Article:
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Radioactive Radon

Radon gas, a radioactive product of uranium, can reach high levels in some houses, depending on the local geology and house construction. Radon is a gas produced by the radioactive decay of the element radium. Radioactive decay is a natural, spontaneous process in which an atom of one element decays or breaks down to form another element by losing atomic particles (protons, neutrons, or electrons). When solid radium decays to form radon gas, it loses two protons and two neutrons. These two protons and two neutrons are called an alpha particle, which is a type of radiation. The elements that produce radiation are called radioactive. Radon itself is radioactive because it also decays, losing an alpha particle and forming the element polonium.

The decay of each radioactive element occurs at a very specific rate. How fast an element decays is measured in terms of the element 'half-life', or the amount of time for one half of a given amount of the element to decay. Uranium has a half-life of 4.4 billion years, so a 4.4-billion-year-old rock has only half of the uranium with which it started. The half-life of radon is only 3.8 days. If a jar was filled with radon, in 3.8 days only half of the radon would be left. But the newly made daughter products of radon would also be in the jar, including polonium, bismuth, and lead. Polunium is also radioactive - it is this element, which is produced by radon in the air and in people's lungs, that can hurt lung tissue and cause lung cancer.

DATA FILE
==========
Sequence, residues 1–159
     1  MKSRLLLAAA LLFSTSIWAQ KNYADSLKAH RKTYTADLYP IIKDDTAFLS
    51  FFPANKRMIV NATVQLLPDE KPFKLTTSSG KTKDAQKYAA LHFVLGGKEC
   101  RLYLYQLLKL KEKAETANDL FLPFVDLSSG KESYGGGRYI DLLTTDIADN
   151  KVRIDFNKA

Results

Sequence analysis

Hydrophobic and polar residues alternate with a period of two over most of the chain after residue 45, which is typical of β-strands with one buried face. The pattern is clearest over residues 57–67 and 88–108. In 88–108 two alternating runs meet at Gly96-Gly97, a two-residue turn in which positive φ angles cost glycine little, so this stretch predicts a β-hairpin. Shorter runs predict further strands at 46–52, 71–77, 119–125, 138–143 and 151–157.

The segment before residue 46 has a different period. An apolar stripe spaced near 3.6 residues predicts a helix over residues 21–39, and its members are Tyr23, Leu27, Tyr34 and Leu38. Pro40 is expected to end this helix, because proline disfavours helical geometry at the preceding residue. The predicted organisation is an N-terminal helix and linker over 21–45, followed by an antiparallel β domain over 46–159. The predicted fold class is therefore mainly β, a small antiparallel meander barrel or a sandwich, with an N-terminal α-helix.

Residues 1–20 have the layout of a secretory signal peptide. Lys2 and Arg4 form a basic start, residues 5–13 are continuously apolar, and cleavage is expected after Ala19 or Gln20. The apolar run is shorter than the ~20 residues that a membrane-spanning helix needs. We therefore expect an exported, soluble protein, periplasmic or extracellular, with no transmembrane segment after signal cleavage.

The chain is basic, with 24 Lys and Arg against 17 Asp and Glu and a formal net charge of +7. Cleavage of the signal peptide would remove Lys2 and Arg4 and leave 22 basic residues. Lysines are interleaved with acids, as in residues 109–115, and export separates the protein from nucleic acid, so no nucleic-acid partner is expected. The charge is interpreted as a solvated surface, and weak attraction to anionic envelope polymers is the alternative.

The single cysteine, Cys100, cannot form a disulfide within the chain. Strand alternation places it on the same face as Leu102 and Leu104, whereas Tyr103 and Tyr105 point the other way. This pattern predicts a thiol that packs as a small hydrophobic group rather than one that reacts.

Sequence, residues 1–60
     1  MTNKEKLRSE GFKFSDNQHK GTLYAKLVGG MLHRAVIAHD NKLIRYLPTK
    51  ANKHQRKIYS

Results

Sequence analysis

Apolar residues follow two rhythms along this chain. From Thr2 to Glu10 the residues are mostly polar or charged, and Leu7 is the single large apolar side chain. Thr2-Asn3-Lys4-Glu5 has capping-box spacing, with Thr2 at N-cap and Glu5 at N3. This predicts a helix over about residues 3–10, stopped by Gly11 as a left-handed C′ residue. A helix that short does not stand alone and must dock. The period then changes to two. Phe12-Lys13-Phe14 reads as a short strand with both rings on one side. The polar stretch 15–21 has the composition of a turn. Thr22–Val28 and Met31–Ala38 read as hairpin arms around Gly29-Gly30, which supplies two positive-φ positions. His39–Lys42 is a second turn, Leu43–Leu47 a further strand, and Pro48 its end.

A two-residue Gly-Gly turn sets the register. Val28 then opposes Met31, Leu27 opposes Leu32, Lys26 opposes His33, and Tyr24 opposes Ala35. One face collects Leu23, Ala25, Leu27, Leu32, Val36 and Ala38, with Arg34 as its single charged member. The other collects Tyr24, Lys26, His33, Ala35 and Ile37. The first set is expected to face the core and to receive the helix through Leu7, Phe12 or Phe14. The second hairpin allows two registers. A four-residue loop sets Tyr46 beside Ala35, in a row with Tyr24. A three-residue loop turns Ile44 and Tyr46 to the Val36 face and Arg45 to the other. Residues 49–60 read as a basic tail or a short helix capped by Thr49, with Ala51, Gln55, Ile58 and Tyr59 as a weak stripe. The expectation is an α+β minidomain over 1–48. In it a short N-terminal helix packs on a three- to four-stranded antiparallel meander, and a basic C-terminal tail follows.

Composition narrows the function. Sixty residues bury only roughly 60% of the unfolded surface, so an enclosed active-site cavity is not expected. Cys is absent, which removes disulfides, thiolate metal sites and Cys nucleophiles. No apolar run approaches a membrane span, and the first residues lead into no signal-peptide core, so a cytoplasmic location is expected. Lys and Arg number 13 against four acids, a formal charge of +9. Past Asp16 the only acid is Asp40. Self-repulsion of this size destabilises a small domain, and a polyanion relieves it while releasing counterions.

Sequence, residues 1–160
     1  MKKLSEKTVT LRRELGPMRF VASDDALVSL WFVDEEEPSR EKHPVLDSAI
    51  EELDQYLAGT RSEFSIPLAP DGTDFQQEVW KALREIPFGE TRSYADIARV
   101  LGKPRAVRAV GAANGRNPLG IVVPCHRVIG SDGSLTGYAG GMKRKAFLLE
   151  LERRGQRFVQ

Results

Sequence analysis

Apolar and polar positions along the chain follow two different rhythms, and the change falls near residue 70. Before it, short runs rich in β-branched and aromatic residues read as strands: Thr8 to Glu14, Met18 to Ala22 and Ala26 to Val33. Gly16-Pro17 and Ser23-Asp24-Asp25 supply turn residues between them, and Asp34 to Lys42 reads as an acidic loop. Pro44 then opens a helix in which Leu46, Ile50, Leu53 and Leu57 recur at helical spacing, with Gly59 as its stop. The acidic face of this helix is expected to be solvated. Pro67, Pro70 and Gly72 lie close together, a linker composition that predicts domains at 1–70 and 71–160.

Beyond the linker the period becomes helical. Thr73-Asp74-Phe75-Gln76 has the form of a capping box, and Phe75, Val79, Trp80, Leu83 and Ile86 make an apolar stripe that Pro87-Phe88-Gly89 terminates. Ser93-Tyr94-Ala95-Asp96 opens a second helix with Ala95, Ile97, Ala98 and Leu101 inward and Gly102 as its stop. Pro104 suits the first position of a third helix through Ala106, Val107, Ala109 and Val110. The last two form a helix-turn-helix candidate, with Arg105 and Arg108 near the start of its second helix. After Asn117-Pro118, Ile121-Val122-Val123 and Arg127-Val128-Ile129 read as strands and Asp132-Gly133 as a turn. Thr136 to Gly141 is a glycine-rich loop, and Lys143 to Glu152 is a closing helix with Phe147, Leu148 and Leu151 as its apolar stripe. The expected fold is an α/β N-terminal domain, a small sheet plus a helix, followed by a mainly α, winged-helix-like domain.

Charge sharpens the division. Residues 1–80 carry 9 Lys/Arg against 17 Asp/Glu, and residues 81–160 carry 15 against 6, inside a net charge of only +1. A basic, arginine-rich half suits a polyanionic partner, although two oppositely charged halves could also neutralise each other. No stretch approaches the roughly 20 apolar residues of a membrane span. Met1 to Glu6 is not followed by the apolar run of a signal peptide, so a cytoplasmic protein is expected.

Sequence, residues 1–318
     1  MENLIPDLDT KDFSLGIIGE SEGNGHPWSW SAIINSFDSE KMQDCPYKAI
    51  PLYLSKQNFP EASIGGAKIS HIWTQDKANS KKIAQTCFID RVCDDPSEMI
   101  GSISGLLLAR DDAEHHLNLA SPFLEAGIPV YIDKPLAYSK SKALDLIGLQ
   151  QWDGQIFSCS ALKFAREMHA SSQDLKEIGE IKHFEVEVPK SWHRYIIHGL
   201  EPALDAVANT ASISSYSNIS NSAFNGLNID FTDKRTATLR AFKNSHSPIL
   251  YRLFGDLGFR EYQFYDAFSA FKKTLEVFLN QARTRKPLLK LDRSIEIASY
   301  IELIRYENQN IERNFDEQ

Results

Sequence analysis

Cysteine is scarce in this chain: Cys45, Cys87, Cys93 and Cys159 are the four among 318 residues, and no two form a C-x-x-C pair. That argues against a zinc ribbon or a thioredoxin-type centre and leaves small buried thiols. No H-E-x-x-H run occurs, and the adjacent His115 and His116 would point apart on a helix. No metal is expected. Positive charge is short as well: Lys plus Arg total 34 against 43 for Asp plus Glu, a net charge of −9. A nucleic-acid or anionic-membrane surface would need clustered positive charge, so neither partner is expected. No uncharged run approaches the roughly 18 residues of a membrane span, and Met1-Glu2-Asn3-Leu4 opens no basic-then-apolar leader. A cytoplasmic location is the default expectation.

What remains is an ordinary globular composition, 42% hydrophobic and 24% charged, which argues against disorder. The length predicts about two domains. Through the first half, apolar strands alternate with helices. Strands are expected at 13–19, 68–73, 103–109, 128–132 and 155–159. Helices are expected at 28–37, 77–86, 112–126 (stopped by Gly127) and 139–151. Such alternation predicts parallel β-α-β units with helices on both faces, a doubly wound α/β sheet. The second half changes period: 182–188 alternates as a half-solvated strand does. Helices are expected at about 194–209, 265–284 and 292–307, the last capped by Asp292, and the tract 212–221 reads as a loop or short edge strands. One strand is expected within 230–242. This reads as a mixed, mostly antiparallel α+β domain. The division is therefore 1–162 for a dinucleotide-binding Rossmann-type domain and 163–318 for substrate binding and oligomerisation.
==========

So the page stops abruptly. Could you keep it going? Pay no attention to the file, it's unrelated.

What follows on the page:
Fact Credit:
USGS General
USGS Web Site

Further Reading
Environmental Radioactivity
by Merril Eisenbud, Thomas F. Gesell, Merill Eisenbud

Related Web Links
Radon: FAQ
by EPA

The World Of Nuclear Science
by Think Quest

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